I also think it allows birds to move to where ever they are more comfortable as the areas vary from the far back furtherst from the open screen, to the other extreme, right at the screen.

    IN the book the first few feet that are likely to have some rain hit the floor, is to be sand. ANyone have anythought on this as I want to do the deep litter method, could this get too wet??
     
  8. Beekissed

    Beekissed True BYC Addict

    I can't imagine deep litter holding water and moisture any less than sand. I rather enjoy the more wet portions of my DL now, in this open air coop style, as that is where the bugs seem to congregate, so eventually the chickens dig that out and toss that litter to another side of the coop...where it piles up, holds more moisture, attracts the bugs and once again earns the attention of the chickens. Cycle repeats over and over throughout the year. I used to rake it all back even when I saw it dug out, but soon learned that I was doing WAY too much work when the chickens would eventually redistribute that bedding anyway.
     
  9. Arielle

    Arielle Chicken Obsessed

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    [​IMG] THat is my kind of maintenence!! None.

    I need to put in a roost, and these birds are said to need a roost only 2 feet high, not higher as they are rather heavy. Can I put a big long right on the floor?? Like an 8 inch wide tree trunk?? I have an oak which is roughbarked that can go in-- or black birch which is smooth.

    THoughts ?
     
  10. So if I was to put two square foot holes say in the doors of the main coops (south side) and have them covered with something like this, would that be sufficient, or should I also make a window up high (even though my roof is made of pallets and it has plenty of openings up there)? In the doors would be the closest I could get the vents to the main perch areas.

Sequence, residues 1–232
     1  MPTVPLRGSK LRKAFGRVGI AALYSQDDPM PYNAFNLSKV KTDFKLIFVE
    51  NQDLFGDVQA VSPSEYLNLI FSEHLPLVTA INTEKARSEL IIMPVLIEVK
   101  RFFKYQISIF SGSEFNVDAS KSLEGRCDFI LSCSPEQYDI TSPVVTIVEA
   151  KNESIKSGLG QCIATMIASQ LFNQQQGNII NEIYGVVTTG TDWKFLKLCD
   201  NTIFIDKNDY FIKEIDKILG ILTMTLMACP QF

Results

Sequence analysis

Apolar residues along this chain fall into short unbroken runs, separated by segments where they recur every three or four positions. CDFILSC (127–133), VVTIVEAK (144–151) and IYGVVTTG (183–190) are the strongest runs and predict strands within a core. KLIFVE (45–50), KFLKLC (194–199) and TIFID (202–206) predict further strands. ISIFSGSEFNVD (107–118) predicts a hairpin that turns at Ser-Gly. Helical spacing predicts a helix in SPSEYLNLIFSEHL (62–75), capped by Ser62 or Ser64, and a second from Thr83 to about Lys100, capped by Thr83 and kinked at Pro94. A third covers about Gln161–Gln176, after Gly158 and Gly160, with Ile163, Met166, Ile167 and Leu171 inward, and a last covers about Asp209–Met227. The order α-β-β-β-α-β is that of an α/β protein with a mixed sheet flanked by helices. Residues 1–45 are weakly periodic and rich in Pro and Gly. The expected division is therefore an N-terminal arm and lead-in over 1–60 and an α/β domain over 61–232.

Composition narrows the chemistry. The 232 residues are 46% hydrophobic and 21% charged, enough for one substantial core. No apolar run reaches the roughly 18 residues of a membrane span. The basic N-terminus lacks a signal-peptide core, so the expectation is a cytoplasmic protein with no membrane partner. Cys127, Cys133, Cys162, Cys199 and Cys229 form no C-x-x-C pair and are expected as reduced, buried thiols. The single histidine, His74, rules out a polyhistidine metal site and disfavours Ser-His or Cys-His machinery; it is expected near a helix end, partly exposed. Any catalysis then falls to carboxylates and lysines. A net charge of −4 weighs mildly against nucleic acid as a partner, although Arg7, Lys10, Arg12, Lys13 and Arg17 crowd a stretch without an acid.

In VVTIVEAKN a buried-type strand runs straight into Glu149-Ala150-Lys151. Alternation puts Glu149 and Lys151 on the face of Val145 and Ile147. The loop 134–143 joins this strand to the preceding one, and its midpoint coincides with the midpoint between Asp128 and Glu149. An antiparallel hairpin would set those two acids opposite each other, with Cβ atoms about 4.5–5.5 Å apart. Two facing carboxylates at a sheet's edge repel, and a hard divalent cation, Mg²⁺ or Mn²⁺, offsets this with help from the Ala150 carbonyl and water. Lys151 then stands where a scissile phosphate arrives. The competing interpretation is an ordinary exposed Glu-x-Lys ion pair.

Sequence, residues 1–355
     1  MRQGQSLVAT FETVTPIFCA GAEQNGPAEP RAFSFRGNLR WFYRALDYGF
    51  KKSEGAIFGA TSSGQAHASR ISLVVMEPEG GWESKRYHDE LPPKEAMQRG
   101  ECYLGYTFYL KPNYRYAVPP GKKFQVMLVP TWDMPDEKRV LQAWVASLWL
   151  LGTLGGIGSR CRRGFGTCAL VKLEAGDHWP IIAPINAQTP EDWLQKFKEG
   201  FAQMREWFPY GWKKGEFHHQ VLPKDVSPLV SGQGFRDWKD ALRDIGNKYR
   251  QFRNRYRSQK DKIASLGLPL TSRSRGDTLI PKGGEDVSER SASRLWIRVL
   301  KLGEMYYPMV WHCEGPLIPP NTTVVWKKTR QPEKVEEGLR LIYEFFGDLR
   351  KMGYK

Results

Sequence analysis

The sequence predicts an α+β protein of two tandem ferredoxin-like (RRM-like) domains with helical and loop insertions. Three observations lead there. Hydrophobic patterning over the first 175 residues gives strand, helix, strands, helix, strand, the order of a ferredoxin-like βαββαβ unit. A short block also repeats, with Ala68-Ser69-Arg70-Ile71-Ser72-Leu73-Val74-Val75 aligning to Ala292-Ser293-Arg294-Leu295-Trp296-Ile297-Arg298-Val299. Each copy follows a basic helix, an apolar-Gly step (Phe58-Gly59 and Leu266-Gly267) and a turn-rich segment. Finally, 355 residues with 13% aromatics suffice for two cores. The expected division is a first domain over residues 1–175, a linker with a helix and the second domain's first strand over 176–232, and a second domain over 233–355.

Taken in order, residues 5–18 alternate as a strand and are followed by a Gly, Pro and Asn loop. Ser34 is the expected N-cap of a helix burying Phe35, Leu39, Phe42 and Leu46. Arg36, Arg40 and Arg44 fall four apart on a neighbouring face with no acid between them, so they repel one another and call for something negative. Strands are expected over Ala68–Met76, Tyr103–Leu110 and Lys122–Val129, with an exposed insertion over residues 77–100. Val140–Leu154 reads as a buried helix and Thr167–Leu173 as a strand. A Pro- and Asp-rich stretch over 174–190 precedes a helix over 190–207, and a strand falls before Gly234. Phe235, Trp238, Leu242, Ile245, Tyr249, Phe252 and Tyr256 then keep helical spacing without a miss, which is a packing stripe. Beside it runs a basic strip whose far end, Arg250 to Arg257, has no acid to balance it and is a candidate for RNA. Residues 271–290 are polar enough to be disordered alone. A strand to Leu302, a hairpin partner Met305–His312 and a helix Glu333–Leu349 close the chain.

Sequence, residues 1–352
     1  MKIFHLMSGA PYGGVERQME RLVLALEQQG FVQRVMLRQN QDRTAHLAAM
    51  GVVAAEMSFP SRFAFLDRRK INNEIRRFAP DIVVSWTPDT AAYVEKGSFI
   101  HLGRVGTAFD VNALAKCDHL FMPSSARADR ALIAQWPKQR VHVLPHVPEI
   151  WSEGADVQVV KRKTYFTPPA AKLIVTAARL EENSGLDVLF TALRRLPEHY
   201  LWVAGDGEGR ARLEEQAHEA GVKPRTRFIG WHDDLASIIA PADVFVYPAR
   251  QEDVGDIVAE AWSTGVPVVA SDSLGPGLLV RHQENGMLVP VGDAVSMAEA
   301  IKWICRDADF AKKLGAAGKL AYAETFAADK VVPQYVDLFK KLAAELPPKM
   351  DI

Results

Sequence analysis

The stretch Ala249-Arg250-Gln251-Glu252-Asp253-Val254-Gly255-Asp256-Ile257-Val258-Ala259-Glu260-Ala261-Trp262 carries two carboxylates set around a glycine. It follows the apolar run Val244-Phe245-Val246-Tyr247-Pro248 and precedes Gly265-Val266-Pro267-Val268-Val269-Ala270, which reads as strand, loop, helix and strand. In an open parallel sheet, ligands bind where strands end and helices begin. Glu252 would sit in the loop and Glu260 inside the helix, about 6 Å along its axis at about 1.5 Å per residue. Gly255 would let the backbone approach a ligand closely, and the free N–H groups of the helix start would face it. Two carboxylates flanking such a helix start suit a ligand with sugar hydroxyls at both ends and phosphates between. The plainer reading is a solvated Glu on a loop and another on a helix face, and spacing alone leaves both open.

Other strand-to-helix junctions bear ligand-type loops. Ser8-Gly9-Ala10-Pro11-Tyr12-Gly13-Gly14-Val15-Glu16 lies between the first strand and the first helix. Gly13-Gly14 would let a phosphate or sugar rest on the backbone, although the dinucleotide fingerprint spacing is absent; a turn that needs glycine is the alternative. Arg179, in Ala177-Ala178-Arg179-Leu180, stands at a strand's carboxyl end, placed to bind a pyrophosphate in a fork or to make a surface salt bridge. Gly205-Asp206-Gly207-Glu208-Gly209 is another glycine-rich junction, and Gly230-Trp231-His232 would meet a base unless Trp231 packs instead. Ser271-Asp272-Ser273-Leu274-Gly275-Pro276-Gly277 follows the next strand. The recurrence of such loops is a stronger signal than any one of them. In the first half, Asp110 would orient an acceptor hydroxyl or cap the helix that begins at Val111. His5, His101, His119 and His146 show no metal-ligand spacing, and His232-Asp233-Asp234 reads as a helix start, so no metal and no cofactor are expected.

One of these years (hopefully soon) I want to replace this roof with something slanted that will allow hot air to ascend and escape and winter humidity as well. Doing this may be hazardous though. It is flat and it is all pallets, I have no idea how the previous owner managed such a job! Nor do I have any good idea how I could dismantle the thing There are NO posts inside this building except one that I put up in a low spot and yes, when it rains, it runs inside the building as well. We only get 5" of rain a year (including any snow) so it can be lived with but is a major pain in the backside when it does happen! Most of our rain comes in the spring or early summer.

    I appreciate everyone's help. This is really helping me to figure things out.